When you’re selling a business, a few sneaky tricks can be used to create that competitive tension which ensures the price stays higher.
The main goal is to make a buyer believe there are others interested in buying even when there aren’t.
And there are several ways to do this, according to a group of experts who spoke today at an event, Dealmakers ANZ, by Intralinks Dealspace which creates virtual data rooms for due diligence.
Matthew Millar, managing director of PwC’s Mergers and Acquisitions, said with a smile: “I’m a bit sneaky.”
Sometimes you need to be creative, he says.
“Certainly in private transactions the key is to get more buyers and if you don’t have more buyers you create the illusion of more buyers,” he said.
- Make it known that the seller is also considering an IPO (Initial Public Offering) or a private equity transaction. Or make sure the buyer knows you have a meeting with a private equity firm.
- During the due diligence process, release information that the potential buyer didn’t ask for. This makes them believe there are other buyers.
- Put out of office notifications on your email for a few days. This makes them think you’re travelling to see another buyer. “If it’s a mining services deal, you say you’ll be in a remote location for a few days without access to email.”
Charles Graham, managing director at Gresham Partners, also likes the tactic of providing information a buyer hasn’t asked for.
“If you’re down in the process to just one party, additional information may also be posted to the data room that’s helpful information but not directly answering a question raised by that specific buyer,” he says.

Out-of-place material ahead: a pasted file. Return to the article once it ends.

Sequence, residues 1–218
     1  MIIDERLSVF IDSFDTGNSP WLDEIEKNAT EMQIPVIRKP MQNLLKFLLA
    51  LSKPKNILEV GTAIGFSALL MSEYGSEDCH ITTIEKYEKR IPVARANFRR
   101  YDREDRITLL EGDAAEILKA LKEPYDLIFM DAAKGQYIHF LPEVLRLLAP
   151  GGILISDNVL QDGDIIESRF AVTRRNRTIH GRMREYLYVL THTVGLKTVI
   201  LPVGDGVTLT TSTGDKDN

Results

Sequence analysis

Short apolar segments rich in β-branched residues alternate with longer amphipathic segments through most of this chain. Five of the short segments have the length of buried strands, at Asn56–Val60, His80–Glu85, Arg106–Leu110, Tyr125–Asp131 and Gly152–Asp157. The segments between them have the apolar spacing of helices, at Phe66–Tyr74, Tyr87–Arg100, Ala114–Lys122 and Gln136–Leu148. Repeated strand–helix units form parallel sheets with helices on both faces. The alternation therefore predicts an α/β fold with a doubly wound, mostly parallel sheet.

Leaking to the media can be effective, making a potential buyer think others are looking at the same acquisition and that the price is going up.
But this is frowned on. The advisory companies at the Intralinks briefing have policies of not leaking to the media. For most, this was cause for dismissal.
Bruce MacDiarmid, co-head of Rothschild Australia, says: “Australia is by far the leakiest market I’ve ever worked in. We’ve got a lot of financial journalists for this size market so I think there’s a culture of getting information out in the press. I also think there are unintentional leaks and journalists are very good at putting bits and pieces together and coming up with a hypothesis.”
Some companies are starting to get heavy about media leaks, demanding that anyone involved in due diligence sign a confidentiality agreement and take personal responsibility.
Charles Graham at Gresham says: “I agree that some leaks are intentional and typically they comes with the line: an informed source or a person close to the transaction. If a story has those words you can be confident that the facts are right and that the story is placed there because of some tactical intention.”
Bruce MacDiarmid at Rothschild Australia also believes sellers should be extremely careful when deciding on which questions to answer from a potential buyer.
He had one vendor which responded to every request made by the purchaser, the only potential buyer at that time.
“They did not want to so ‘No’ to anything and it was a clear representation of their desperation,” MacDiarmid says.
“As it turned out this transaction went on and on and this purchaser kept on asking for more and reduced the deal terms because the vendor gave in on everything.
“You’ve got to draw a line in the sand at one point. You’ve got to play the bluff because if you don’t you will quite often go down a path and look back and say: ‘If we’d known we’d get here when we started out we wouldn’t have done the deal’.”